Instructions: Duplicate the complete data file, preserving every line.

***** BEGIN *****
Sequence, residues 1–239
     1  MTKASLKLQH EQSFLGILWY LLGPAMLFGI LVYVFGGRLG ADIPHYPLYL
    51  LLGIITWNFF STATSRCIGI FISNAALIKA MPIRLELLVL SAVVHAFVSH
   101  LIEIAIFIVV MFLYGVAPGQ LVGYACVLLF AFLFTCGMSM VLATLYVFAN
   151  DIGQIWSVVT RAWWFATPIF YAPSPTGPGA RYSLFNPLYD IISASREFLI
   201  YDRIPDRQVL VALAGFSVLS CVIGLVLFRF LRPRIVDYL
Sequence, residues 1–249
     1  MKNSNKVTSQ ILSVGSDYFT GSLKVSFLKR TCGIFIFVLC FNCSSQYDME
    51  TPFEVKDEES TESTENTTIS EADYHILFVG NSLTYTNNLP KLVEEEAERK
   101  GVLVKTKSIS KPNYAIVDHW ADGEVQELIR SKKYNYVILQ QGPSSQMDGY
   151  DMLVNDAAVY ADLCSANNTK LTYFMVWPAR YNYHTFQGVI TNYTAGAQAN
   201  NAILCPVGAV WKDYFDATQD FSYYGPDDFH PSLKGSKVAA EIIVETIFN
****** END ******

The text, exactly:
Sequence, residues 1–239
     1  MTKASLKLQH EQSFLGILWY LLGPAMLFGI LVYVFGGRLG ADIPHYPLYL
    51  LLGIITWNFF STATSRCIGI FISNAALIKA MPIRLELLVL SAVVHAFVSH
   101  LIEIAIFIVV MFLYGVAPGQ LVGYACVLLF AFLFTCGMSM VLATLYVFAN
   151  DIGQIWSVVT RAWWFATPIF YAPSPTGPGA RYSLFNPLYD IISASREFLI
   201  YDRIPDRQVL VALAGFSVLS CVIGLVLFRF LRPRIVDYL
Sequence, residues 1–249
     1  MKNSNKVTSQ ILSVGSDYFT GSLKVSFLKR TCGIFIFVLC FNCSSQYDME
    51  TPFEVKDEES TESTENTTIS EADYHILFVG NSLTYTNNLP KLVEEEAERK
   101  GVLVKTKSIS KPNYAIVDHW ADGEVQELIR SKKYNYVILQ QGPSSQMDGY
   151  DMLVNDAAVY ADLCSANNTK LTYFMVWPAR YNYHTFQGVI TNYTAGAQAN
   201  NAILCPVGAV WKDYFDATQD FSYYGPDDFH PSLKGSKVAA EIIVETIFN